1808
ENGLISH POETRY 1579-1830: SPENSER AND THE TRADITION

Stanzas to the Memory of the Spanish Patriots latest killed, in resisting the Regency and the Duke of Angouleme.

New Monthly Magazine NS 8 (1823) 480.

Thomas Campbell


Five bellicose Spenserians composed in 1808 and belatedly published in 1823, after Thomas Campbell had been appointed editor of the New Monthly Magazine. Campbell had presumably become accustomed to composing in Spenserian stanzas while working on Gertrude; the manner owes little to eighteenth-century odes on similar topics. "Stanzas" was published without a signature, though it was listed as Campbell's in the annual index to the New Monthly Magazine.

William Hazlitt: "We should dread to point out (even if we could) a false concord, a mixed metaphor, an imperfect rhyme in any of Mr. Campbell's productions; for we think that all his fame would hardly compensate him for the discovery. He seeks for perfection, and nothing evidently short of it can satisfy his mind. He is a high finisher in poetry, whose every work must bear inspection, whose slightest touch is precious" Spirit of the Age (1825) 187.

Edward Smedley: "One very fervent and furious piece, Stanzas to the Memory of the Spanish Patriots killed in resisting the Regency and the duke of Angouleme, is worthy of preservation for its hard words; it is levelled against 'kings, bigots, and Bourbons,' who 'mangle martyrs with hangman fingers;' of 'cowl'd demons of the Inquisitorial cell,' and 'Autochthones of hell,' who are bid to go and— 'Smile o'er the gaspings of spine-broken men | Preach, perpetrate damnation in your den'" Quarterly Review 31 (March 1825) 348.

George Gilfillan: "As a poet, he is already, what Byron is not — a classic secure of immortality — his works already exalted to the same shelf with those of Goldsmith, Collins, and Thomson" Gallery of Literary Portraits (1845) 250.

Cyrus Redding: "Campbell had engaged to commence the first number of the new series of the magazine on the 1st of January, 1821. He was to perform the usual duty of an editor, and to receive a salary of 600 per annum. He was also to contribute articles to the pages of the work himself, such as he might think suitable. He was an utter stranger, as before observed, to the details of his new duties, and had kept no communion with literary men associated for one common purpose. When not employed in literary composition, he had continually followed up dry desultory studies, led by curiosity or the desire for information. Hence he had acquired a vast store of knowledge for which the world gave him little credit, but the subjects were generally abstruse and of small moment in aid of his new labour, which required a knowledge of existing things and topics of the passing hour" "Life and Reminiscences of Thomas Campbell" New Monthly Magazine 78 (November 1846) 319.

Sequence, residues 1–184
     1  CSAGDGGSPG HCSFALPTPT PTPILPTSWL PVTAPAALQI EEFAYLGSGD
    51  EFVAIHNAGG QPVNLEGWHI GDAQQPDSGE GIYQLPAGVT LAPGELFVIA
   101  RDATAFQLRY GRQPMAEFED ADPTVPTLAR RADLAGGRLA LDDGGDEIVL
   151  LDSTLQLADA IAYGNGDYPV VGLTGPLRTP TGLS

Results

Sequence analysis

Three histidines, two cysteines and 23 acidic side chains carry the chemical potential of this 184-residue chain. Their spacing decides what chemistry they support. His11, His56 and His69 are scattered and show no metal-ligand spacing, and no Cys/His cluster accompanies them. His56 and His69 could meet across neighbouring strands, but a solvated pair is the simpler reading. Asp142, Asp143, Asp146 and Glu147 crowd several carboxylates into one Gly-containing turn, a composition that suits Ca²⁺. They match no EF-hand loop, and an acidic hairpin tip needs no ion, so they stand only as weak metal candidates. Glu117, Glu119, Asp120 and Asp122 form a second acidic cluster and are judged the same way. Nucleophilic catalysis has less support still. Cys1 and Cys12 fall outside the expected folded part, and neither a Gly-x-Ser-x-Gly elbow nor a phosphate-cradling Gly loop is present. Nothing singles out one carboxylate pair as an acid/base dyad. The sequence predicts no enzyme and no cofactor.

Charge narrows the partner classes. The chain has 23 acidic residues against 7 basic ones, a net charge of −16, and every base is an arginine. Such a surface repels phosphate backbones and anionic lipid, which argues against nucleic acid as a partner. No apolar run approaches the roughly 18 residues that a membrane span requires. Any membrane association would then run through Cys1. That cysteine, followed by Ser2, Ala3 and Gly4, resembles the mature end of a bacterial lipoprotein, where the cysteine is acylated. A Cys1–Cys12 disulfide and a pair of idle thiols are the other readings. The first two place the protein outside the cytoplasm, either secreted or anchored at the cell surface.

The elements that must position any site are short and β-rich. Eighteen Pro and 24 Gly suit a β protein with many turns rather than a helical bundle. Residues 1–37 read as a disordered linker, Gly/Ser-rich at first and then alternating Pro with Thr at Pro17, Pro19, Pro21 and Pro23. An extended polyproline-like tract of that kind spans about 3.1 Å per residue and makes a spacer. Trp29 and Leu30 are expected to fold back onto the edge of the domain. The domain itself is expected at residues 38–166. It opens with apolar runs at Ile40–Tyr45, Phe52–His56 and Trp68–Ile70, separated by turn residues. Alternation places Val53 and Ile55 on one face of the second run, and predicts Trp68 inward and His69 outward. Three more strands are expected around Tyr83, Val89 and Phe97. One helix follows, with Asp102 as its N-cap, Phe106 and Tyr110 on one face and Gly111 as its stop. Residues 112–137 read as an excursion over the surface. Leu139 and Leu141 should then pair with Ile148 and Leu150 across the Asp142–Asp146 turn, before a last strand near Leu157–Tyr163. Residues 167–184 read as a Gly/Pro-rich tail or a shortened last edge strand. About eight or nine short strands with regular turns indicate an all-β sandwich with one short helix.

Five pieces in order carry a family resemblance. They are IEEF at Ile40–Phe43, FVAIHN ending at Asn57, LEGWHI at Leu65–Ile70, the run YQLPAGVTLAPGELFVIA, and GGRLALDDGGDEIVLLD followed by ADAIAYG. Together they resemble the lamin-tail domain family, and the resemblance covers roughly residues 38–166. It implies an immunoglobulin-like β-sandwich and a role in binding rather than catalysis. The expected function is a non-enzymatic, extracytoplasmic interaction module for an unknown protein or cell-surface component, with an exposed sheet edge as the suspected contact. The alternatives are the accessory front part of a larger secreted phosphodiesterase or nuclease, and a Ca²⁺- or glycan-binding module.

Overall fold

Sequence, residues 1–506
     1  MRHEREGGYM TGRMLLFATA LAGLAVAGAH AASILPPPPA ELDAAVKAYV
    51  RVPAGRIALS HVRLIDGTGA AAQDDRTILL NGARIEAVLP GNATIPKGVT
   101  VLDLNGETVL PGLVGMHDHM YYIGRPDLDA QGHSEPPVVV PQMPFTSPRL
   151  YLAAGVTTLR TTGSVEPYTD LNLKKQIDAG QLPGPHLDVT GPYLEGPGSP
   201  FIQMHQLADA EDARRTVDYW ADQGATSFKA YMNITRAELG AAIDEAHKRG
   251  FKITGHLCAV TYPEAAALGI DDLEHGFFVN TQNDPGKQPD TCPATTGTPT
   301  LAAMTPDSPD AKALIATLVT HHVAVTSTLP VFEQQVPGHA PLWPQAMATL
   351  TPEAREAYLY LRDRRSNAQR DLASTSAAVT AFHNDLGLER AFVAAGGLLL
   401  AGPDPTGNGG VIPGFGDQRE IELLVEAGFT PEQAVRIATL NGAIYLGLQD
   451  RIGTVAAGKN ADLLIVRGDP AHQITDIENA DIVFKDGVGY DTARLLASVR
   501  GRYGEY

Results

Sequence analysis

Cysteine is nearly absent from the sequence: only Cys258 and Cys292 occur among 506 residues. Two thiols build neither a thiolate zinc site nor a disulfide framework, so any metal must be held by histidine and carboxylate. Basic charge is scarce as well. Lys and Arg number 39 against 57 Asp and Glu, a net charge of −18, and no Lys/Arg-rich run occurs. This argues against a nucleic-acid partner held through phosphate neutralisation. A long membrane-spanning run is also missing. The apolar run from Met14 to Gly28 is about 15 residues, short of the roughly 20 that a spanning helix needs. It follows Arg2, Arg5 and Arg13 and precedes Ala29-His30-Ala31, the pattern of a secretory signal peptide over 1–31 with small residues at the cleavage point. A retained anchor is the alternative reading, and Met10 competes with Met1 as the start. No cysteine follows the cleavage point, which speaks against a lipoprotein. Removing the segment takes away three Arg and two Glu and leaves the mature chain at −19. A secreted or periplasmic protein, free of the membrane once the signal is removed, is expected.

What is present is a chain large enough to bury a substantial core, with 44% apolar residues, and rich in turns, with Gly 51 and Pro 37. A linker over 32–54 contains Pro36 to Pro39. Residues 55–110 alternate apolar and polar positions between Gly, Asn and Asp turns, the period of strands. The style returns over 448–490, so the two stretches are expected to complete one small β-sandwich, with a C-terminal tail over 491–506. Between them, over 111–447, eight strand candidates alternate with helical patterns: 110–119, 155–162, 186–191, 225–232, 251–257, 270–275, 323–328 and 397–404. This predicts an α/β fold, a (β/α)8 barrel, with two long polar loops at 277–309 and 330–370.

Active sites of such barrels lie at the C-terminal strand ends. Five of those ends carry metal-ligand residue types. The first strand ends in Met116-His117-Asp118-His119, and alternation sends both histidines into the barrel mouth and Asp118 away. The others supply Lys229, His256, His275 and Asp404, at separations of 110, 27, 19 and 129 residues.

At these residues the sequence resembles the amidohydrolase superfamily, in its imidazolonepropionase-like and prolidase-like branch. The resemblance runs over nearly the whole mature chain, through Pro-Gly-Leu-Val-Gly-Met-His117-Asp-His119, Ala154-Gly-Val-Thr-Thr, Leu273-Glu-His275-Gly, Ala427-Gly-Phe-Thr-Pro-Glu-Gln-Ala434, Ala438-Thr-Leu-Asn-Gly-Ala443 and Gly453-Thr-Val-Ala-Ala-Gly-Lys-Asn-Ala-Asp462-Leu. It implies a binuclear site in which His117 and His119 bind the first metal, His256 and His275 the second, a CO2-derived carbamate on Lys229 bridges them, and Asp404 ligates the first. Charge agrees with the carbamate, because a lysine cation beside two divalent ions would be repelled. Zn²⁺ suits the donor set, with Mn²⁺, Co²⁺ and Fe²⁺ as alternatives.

George Saintsbury: "The Spenserians of Gertrude of Wyoming are among the least successful effects in that great metre made by any poet who has elsewhere done really good things. But his lyrics are in quite a different case. When the deadening hand of the long poem — for Campbell seems to have been not merely a slow, but a positively lazy writer — and the obsession of regular metres was off him, he became another man" History of English Prosody (1906-10) 3:90.



Brave men who at the Trocadero fell—
Beside your cannons, conquered not, though slain,
There is a victory in dying well
For Freedom, — and ye have not died in vain,
For come what may, there shall be hearts in Spain
To honour, ay embrace your martyred lot,
Cursing the Bigot's and the Bourbon's chain,
And looking on your graves, though trophied not,
As holier, hallow'd ground than priests could make the spot!

What though your cause be baffled — freemen cast
In dungeons — dragg'd to death, or forced to flee;
Hope is not withered in affliction's blast;—
The patriot's blood's the seed of Freedom's tree:
And short your orgies of revenge shall be,
Cowl'd Demons of the Inquisitorial cell;
Earth shudders at your victory, — for ye
Are worse than common fiends from Heaven that fell,
The baser, ranker sprung, Autochthones of hell!

Go to your bloody rites again; — bring back
The hall of horrors, and the assessor's pen,
Recording answers shriek'd upon the rack;—
Smile o'er the gaspings of spine-broken men:—
Preach, perpetrate damnation in your den;—
Then let your altars, ye blasphemers, peal,
With thanks to Heaven that let you loose again
To practise deeds with torturing fire and steel
No eye may search — no tongue may challenge or reveal.

Yet laugh not in your carnival of crime
Too proudly, ye oppressors — Spain was free,
Her soil has felt the foot-prints, and her clime
Been winnowed by the wings of Liberty;
And these even parting scatter as they flee
Thoughts — influences, to live in hearts unborn,
Opinions that shall wrench the prison-key
From Persecution — show her mask off-torn,
And tramp her bloated head beneath the foot of Scorn.

Glory to them that die in this great cause!
Kings, Bigots, can inflict no brand of shame,
Or shape of death to shroud them from applause:—
No, manglers of the martyr's earthly frame,
Your hangmen-fingers cannot touch his fame.
Still in your prostrate land there shall be some
Proud hearts, the shrines of Freedom's vestal flame;
Long trains of ill may pass unheeded, dumb,
But vengeance is behind, and justice is to come.

[p. 480]